I've spent a lot of money on medical bills this year. Now that I'm earning a poor person's wages again, I have to get my spending under control. There are expensive tests for objectively measuring mitochondrial dysfunction, but doctor visits will have to wait while I slowly accumulate more discretionary funds. Instead, I'm experimenting more cheaply by taking supplements that affect mitochondrial function and oxidative stress. Most diet supplement pills are known to be ineffective, so I'm trying to stick with ones already proven to have some effect in reputable journals.

I bought some pills containing:
  • glutathione,
  • coenzyme Q-10,
  • vitamin E, and
  • selenium.
I can get more vitamin C and beta-carotene just by eating some carrots. I'll try adding plenty of turmeric spice to my meals too. I hope this combination will improve my energy level, memory/concentration, and dopamine. In theory, it should; but in practice, we'll see.
mellowtigger: (MrFusion)
I'm ready to invest money in a juicer to make it easier to make quick meals that are healthy and cheap.  The Jack LaLanne model has been recommended to me as one that does not roar loudly.  Unfortunately, it is not truly a food processor, and it does not allow milk products or ice to be added.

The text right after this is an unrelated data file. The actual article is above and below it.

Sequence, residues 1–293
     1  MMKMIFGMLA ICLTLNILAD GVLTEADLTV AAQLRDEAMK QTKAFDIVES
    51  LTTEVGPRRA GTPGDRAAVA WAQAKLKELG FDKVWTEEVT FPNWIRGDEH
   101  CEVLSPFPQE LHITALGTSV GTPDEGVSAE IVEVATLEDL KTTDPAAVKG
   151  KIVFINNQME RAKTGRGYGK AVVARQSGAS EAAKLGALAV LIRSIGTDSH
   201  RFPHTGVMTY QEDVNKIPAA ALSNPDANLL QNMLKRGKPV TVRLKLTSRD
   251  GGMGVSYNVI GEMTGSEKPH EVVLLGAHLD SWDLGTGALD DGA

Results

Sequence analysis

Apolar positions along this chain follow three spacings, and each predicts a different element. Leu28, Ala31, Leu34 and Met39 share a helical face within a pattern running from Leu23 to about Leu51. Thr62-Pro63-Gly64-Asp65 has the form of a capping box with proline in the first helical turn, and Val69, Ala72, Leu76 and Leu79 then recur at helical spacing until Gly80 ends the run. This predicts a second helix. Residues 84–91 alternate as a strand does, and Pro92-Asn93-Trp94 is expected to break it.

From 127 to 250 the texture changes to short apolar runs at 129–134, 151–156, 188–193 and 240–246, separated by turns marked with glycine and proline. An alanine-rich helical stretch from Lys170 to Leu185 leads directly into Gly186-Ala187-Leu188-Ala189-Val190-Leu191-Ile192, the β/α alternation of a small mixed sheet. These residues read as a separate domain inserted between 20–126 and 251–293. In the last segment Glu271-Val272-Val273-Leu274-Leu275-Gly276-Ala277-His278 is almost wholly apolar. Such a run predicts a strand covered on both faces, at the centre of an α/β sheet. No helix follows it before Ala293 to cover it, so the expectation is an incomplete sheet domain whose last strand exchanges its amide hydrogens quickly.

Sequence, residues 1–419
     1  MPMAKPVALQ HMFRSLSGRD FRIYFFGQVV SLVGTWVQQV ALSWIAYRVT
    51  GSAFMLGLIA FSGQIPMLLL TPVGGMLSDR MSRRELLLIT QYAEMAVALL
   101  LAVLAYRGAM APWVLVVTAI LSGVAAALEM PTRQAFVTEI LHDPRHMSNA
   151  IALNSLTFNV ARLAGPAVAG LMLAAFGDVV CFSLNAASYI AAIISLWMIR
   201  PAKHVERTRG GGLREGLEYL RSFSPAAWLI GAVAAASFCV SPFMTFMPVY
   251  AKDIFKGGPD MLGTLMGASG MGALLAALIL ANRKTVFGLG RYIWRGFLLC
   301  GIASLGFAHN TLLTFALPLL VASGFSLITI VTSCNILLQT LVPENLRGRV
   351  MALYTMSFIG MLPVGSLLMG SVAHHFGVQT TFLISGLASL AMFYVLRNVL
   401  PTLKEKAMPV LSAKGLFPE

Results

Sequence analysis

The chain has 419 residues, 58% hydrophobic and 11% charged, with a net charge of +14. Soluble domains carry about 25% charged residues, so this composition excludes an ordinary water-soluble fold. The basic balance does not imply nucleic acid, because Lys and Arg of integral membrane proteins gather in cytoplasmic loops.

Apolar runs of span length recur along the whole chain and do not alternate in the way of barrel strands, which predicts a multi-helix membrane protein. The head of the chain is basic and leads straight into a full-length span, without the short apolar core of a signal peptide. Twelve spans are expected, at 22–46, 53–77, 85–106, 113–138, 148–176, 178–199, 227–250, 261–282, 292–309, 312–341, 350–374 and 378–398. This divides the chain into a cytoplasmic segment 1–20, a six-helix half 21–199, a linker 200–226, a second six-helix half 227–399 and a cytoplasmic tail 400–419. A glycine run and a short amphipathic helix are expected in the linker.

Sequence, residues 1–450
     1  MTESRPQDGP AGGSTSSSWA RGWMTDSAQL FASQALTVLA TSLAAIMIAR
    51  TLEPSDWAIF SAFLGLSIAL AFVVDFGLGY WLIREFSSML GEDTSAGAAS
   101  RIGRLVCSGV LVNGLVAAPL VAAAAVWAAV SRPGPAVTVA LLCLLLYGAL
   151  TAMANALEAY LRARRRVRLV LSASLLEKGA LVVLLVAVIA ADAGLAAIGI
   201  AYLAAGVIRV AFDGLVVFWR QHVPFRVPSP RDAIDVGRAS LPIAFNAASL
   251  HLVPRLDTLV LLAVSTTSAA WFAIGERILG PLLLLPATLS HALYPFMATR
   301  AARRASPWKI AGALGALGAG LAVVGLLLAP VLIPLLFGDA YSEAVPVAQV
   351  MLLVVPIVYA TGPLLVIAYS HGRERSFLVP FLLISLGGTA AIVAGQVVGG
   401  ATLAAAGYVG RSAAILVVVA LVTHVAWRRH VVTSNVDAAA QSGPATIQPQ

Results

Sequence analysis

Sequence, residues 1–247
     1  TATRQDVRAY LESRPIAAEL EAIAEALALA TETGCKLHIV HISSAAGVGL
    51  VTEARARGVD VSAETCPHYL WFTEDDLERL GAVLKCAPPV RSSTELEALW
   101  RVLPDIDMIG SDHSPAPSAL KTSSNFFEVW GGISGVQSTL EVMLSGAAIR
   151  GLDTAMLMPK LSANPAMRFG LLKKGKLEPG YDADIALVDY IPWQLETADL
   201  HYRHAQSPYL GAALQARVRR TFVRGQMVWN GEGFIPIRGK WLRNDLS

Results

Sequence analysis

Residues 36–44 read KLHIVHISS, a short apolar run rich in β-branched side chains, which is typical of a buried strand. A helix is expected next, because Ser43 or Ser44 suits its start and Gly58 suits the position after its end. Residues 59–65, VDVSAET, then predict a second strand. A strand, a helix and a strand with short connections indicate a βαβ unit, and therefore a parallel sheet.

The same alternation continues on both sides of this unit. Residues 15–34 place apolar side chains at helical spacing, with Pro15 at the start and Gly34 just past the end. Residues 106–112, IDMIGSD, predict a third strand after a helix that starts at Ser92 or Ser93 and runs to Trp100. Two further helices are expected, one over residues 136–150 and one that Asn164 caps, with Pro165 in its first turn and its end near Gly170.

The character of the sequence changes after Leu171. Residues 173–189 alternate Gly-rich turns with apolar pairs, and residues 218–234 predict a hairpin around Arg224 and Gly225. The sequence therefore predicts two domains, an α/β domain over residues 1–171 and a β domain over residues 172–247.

Can anyone recommend a product that "does it all" to make smoothies or hot soups?  If there must be a trade-off between noise level and versatility, then I'd much rather use the quiet product.  There is always the Vitamix that can grind up just about anything, but it certainly costs a lot more than I can justify spending, and the demonstrations I've seen have always been very loud.